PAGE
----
By Alex Distefano
By Scott Snowden
By Anna Merlan
By Steve Almond
By Jena Ardell
By Jon Campbell
By Alan Scherstuhl
By Tessa Stuart
The Pentagon has always craved a phaser. Now it's turning to microwaving as a potential means of singeing the enemy.
The Department of Defense's bland name for this electronic heat ray is the Vehicle-Mounted Active Denial (VMAD) system, a mouthful of jargon that yields few clues about the weapon's nature. Allegedly designed for an Orwellian task"humanitarian missions"the VMAD is a giant version of your microwave oven, without the safety box surrounding it. The generals want to move it around on a humvee.
Official propaganda on the device is that it makes one's skin onlylightbulb hot, enough to force a person to run but not enough to cook him. Of course, there is no proof this can be achieved, because the results of tests on people are classified. It's safe, insist the inventors, the air force's Directed Energy Directorate in Albuquerque.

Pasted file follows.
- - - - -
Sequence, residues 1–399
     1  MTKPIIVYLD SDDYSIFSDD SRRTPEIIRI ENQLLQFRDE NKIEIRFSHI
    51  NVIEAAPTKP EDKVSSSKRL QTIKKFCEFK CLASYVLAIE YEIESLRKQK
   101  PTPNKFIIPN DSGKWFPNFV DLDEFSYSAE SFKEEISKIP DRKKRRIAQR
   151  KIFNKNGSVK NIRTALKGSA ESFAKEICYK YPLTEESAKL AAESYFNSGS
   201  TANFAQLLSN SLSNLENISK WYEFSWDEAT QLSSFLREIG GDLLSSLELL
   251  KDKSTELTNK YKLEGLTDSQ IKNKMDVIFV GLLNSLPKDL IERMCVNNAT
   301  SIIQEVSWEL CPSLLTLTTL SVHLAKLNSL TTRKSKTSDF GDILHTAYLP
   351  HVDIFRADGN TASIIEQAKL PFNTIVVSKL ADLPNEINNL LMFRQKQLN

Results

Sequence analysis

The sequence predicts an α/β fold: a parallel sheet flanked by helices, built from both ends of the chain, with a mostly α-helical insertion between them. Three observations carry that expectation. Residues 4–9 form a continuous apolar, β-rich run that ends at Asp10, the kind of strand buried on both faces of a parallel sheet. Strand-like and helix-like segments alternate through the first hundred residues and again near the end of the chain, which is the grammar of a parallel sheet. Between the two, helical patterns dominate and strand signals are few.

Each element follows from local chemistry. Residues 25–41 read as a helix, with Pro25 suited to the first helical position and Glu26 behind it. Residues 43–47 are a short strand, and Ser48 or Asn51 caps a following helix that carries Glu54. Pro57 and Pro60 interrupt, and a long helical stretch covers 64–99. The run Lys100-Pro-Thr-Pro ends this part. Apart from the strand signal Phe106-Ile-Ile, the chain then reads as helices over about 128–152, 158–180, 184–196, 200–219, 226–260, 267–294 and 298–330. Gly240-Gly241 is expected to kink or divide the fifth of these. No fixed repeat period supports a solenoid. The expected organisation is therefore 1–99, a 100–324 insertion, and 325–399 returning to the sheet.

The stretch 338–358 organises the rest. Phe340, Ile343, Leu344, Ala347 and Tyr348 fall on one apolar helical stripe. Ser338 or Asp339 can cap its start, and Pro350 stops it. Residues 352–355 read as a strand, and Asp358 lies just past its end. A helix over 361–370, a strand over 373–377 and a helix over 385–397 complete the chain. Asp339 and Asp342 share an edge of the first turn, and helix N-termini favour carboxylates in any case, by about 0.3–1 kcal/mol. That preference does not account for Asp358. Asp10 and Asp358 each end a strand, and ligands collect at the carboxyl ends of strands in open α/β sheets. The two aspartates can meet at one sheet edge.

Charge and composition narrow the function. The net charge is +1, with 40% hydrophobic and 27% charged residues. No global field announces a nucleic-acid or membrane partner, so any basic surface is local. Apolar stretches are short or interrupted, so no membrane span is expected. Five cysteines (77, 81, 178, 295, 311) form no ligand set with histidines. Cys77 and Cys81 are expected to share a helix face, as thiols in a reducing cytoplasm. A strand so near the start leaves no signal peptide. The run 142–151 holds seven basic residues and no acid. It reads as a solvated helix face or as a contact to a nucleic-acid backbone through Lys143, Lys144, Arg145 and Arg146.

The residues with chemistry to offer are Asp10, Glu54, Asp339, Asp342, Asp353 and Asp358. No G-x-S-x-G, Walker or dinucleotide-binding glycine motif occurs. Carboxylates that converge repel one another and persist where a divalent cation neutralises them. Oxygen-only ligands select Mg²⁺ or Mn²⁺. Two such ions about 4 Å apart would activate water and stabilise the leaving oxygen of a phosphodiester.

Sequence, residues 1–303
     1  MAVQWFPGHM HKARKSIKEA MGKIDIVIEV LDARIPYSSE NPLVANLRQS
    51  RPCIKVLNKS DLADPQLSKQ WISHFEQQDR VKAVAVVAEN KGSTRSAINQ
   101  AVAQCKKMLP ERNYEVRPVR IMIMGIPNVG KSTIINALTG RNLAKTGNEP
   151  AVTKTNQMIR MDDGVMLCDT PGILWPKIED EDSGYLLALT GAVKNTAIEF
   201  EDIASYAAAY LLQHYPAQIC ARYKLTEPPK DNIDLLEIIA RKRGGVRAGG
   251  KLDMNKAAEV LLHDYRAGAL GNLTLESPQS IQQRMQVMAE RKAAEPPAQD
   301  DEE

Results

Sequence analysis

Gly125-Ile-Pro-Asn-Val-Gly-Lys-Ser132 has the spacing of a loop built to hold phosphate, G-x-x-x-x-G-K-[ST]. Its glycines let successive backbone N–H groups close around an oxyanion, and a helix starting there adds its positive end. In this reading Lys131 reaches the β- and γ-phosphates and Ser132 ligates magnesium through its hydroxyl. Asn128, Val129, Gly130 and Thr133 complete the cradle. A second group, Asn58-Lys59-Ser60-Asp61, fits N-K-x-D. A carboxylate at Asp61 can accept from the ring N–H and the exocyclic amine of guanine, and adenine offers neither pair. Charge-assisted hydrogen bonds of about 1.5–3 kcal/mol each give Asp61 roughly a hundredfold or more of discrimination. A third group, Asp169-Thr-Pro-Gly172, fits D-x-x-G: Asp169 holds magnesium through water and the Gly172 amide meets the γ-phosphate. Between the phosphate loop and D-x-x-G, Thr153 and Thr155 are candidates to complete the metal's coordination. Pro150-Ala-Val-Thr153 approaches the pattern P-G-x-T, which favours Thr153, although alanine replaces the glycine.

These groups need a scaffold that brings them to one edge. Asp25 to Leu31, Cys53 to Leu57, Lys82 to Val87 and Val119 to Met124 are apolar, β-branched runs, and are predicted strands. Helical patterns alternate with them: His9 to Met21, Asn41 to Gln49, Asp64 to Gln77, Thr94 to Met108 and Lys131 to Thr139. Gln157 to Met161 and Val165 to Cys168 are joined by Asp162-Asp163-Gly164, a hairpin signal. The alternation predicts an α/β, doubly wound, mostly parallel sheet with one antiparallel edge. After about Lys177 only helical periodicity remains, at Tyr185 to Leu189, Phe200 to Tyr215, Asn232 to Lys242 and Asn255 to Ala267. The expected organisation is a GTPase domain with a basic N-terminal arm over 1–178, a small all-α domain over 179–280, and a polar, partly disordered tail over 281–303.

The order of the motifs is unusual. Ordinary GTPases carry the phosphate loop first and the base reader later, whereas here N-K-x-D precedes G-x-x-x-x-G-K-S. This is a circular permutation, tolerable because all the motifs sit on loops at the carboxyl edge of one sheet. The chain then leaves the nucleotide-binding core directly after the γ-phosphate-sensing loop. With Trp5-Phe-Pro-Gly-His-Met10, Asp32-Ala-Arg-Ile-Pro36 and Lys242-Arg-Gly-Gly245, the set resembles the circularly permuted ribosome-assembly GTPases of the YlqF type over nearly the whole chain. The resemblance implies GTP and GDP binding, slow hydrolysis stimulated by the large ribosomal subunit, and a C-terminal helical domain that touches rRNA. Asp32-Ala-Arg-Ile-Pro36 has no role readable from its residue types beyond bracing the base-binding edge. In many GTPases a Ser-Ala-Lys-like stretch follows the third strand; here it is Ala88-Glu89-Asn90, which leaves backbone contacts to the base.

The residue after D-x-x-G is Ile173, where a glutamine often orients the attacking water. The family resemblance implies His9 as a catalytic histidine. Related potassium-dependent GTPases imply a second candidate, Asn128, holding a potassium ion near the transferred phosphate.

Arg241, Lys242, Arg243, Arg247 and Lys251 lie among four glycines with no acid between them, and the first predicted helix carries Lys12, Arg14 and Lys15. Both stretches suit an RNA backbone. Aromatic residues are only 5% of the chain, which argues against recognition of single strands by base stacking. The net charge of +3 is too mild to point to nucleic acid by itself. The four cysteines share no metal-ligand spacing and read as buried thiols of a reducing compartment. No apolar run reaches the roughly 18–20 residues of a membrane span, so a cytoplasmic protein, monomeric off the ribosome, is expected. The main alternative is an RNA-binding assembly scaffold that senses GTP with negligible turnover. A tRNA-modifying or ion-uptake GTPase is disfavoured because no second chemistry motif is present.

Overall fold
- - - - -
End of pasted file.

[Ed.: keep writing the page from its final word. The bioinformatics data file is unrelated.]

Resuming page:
But anyone with first-hand experience broiling hot dogs and other non-robust meats in their tabletop microwave might be chary of such an assertion. Struck by the heat ray, "Sssss," went the eyeball.
What is the microwaver's target? It must be unarmed civilians, because as described, the VMAD wouldn't seem to offer much against terrorists or regular soldiers ready to fire back with conventional weapons. What is certain is that the Pentagon's microwave projects lack oversight and common sense. In one manic, grandiose claim, the Defense Department calls VMAD "the biggest breakthrough in weapons technology since the atomic bomb."
The lust for military microwaving has also been a sinkhole for tax dollars. While much of the work remains deep in the shadows, the Directed Energy Directorate (DED) does allow that $40 million went out the door for the VMAD over the last decade. An additional $15 million was awarded to ITT Industries for research on high-power microwaving applications in bombs and other types of ray guns.
Microwaving facilities pictured as part of the Directorate also look to have cost a small fortune. One 27,000-square-foot concrete monolith is worth $9 million, resulting in a "cost-effective and timely capability."